Avoiding Viruses with Windows Defender
When it comes to viruses, everything is suspect. Viruses travel not only through e-mail messages, programs, files, networks, and flash drives, but also in screen savers, themes, toolbars, and other Windows add-ons.
To combat the problem, Windows 10 includes Windows Defender, a free security and antivirus program.
Windows Defender scans everything that enters your computer, whether through downloads, e-mail, networks, messaging programs, flash drives, or discs. Unless you tell it not to, Windows Defender casts a watchful eye on your OneDrive files, as well.
When Windows Defender notices something evil trying to enter your computer, it lets you know with a message. Then Windows Defender quickly quarantines the virus before it has a chance to infect your computer.
Windows Defender automatically updates itself to recognize new viruses, and it constantly scans your PC for threats in the background. But if your PC acts strangely, tell Windows Defender to scan your PC immediately by following these steps:
- Click the taskbar's Windows Defender icon (shown in the margin) near the clock.
Windows Defender appears.
- Click the program's Scan Now button.
Windows Defender immediately performs a quick scan of your PC.
Even with Windows Defender watching your back, follow these rules to reduce your risk of infection:
- Open only attachments that you're expecting. If you receive something unexpected from a friend, don't open it. Instead, e-mail or phone that person to ask whether he or she really sent you something.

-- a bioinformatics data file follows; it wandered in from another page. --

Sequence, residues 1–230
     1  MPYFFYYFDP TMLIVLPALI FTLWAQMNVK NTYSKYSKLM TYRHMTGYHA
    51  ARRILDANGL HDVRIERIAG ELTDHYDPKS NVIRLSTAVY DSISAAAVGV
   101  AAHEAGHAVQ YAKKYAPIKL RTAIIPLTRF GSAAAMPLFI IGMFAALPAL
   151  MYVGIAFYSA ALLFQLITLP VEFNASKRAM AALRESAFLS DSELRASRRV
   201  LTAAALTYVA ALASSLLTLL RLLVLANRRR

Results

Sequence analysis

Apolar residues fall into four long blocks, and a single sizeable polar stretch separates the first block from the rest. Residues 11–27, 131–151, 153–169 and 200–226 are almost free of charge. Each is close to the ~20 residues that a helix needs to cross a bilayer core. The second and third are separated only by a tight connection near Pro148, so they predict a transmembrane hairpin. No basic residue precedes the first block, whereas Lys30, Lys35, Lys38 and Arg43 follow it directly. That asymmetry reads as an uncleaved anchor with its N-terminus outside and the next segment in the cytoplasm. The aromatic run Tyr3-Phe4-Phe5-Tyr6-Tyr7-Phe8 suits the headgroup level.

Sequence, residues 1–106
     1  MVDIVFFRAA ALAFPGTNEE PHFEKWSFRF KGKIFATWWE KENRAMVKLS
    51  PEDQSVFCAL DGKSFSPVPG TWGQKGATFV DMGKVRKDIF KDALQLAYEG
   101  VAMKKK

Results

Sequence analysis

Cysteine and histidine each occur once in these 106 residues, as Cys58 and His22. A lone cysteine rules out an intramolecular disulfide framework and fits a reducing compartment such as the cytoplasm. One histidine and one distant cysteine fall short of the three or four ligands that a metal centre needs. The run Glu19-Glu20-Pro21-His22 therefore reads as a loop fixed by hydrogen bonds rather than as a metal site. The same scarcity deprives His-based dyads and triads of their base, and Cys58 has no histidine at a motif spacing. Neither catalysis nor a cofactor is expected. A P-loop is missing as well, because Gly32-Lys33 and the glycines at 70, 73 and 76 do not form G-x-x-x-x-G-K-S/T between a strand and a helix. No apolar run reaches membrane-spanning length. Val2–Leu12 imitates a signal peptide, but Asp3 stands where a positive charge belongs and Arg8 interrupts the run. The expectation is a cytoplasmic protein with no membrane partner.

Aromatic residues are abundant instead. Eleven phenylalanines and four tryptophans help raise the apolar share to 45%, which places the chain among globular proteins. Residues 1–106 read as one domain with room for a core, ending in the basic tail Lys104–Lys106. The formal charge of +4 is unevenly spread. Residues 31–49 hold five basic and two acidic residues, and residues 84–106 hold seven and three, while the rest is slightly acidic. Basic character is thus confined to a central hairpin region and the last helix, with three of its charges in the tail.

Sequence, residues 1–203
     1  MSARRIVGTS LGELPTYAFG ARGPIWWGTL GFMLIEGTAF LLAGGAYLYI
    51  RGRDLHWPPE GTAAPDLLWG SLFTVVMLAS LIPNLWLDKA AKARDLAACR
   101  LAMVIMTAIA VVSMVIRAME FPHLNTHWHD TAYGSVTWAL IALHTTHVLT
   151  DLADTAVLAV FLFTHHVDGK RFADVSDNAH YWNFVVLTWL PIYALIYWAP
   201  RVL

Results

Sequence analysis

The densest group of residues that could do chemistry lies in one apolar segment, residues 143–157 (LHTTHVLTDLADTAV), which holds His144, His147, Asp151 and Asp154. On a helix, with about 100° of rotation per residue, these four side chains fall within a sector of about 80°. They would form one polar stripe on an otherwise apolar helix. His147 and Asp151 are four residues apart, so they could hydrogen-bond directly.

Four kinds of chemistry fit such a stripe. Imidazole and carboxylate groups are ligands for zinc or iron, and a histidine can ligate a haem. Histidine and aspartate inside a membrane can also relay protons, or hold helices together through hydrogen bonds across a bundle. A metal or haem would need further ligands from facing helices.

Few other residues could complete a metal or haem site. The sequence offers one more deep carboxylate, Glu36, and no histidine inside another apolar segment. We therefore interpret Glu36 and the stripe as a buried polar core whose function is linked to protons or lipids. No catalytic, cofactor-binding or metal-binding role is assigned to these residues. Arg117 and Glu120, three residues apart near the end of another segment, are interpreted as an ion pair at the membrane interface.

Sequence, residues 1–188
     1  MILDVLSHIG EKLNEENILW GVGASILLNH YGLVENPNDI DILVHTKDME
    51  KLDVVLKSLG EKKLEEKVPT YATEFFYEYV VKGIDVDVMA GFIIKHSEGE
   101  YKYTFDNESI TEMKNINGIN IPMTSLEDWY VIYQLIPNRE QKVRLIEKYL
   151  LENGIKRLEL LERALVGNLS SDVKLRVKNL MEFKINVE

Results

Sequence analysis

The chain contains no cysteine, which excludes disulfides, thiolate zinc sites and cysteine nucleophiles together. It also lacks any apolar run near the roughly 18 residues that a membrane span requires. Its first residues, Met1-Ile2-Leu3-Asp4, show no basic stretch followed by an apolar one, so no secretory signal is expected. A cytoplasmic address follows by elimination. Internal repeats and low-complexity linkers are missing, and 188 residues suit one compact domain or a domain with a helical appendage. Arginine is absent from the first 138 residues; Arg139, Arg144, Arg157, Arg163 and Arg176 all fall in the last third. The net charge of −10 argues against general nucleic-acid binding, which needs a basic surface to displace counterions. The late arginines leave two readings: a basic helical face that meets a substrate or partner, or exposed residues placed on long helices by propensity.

- Be wary of items arriving in e-mail that ask for a click. For example, if you receive a message saying somebody wants to be a Facebook friend, don't click it. Instead, visit Facebook from your browser and look to see whether the person is listed on your "waiting to be friended" list. The more e-mailed links you can avoid, the safer you'll be.
- If you receive an important-looking e-mail from a financial institution that asks you to click a link and type in your name and password, don't do it. Instead, visit your financial institution's website through your web browser and log in there. Chances are good that there's nothing wrong with your account, and that e-mail was only trying to steal your username and password.
- Updates for Windows Defender arrive automatically through Windows Update. Windows 10 keeps Windows Update running constantly, so you don't need to worry about keeping Windows Defender updated.
If you prefer running a third-party antivirus programs, you're welcome to do so. It will turn off Windows Defender automatically as part of its install process. But don't install two third-party antivirus programs, because they often quarrel.
Like several Windows versions before it, Windows 10 includes the Windows Defender antivirus program. Windows Defender runs quickly, updates automatically, and catches the most common malware before it invades your computer.
But is it better than third-party antivirus programs, including the ones that charge subscription fees? The answer depends on several things.